Aussie Life

Aussie Life

28 August 2021

9:00 AM

28 August 2021

9:00 AM

We now know that Boris Johnson’s initial reluctance to impose Covid containment regulations was prompted by a confidential January 2020 report which predicted that the total impact of the virus on the health of the UK population would be about the same as the combined threat posed by eczema and athlete’s foot. It was only after the Prime Minister was rushed into intensive care that government officials looked at the small print of that report and discovered that its predictions were derived not from models used by the world’s most respected universities, but from models used by the world’s most respected couturiers. Not surprisingly, the Whitehall staffer who compiled the report was immediately sacked and the government turned instead to Professor Neil Ferguson of Imperial College, who duly submitted the report on which all the UK’s subsequent lockdown and social distancing rules were predicated. But calls for that staffer to be reinstated have been getting harder to ignore in recent weeks after it was pointed out that the predictions made in his report have proved to be more accurate than those made by Professor Ferguson. For example, the response of Gianni Versace’s favourite and convicted mobile phone assailant Naomi Campbell to the question ‘How many people in the UK do you think will die of Covid 19’, was ‘I dunno… ’undred?’, while heroin-chic Calvin Klein centrefold Kate Moss’s answer to the same question was ‘Errrrm… a fousand?’ Professor Ferguson’s model, on the other hand, predicted – and with a good deal more confidence – that half a million Brits might perish within the first year. Nearly two years later, the total UK tally is just shy of 130,000, and thanks to Boris’s machine gun vaccine roll-out, not expected to get much higher. When asked to explain how he had gotten it 300 per cent wrong Professor Ferguson said in his defence that the model he’d used could hardly have been expected to work as it was 14 years old and is, in fact, the same model he’d used to make even more inaccurate mortality predictions following Britain’s foot and mouth, mad cow and swine flu outbreaks. Pending the appearance of a new, more virulent virus, Professor Ferguson’s model has now been returned to the Victoria and Albert Museum, where it can be viewed in the same room as the trouser press and the subprime mortgage. But as Campbell and Moss are also models now considered to be too old to work, the British government has given assurances that any fashion icon enlisted to determine future pandemic containment policies must have appeared on the cover of British, French or American Vogue at least once that calendar year.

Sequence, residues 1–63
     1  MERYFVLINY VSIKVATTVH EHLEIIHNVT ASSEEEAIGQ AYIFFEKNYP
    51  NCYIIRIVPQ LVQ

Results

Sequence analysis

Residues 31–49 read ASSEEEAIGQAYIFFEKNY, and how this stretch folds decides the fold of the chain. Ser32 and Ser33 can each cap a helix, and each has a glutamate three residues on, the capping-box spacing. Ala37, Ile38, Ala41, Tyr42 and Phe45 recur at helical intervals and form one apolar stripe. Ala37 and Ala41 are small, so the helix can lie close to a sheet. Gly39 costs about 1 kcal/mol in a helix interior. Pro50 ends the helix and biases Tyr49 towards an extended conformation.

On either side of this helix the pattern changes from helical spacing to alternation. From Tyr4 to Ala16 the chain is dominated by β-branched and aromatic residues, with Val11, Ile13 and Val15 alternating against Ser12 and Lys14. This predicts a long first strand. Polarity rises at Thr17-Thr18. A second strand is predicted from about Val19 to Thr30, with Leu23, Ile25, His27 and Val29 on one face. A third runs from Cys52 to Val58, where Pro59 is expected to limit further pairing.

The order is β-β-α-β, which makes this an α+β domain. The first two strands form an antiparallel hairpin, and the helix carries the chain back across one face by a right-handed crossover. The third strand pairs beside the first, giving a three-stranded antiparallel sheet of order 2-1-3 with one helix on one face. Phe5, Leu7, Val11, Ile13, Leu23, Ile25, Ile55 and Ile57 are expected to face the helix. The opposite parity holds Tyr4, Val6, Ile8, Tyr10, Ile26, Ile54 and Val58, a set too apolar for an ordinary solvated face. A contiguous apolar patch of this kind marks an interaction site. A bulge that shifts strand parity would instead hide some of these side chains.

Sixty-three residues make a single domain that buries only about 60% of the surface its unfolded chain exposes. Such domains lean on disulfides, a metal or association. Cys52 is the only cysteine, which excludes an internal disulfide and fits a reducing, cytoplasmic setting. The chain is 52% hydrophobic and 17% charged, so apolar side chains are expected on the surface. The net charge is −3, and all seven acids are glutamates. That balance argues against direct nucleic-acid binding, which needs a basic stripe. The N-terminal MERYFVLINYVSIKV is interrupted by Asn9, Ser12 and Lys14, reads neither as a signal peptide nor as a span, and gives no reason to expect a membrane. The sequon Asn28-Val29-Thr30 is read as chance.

Not all typing errors have negative consequences for political leaders. I am reliably informed that Poland’s decision to supply Australia’s jab shortfall was as pleasant a surprise for Scott Morrison as it was for the rest of us, which explains the boyish grin he wore when he announced it on live television. But what Mr Morrison failed to mention in that press conference was that far from being a brilliant Canberra coup which took weeks of back-channel diplomacy, the vaccine rescue was an entirely unsolicited Warsaw goodwill initiative prompted by an article in a European daily whose Australian correspondent had misreported a conversation in a Fyshwick café in which a senior Coalition figure – presumably with one eye on his leader’s re-election prospects – had been heard to say ‘you just can’t trust the f—-ing polls’.

While I concede that the jabs available to Australians may not greatly reduce your chances of catching or dying from Covid-19, as far as I am concerned the science is settled that they provide the only real protection against government overreach. But I have yet to see any credible evidence that the wearing of face masks makes any difference one way or the other, so I am forming an organisation whose modest ambition will be to persuade our state premiers to ease off on this particular stricture. As an advertising man I know how important catchy names are, so I am thinking of calling my organisation the Mask Abaters.

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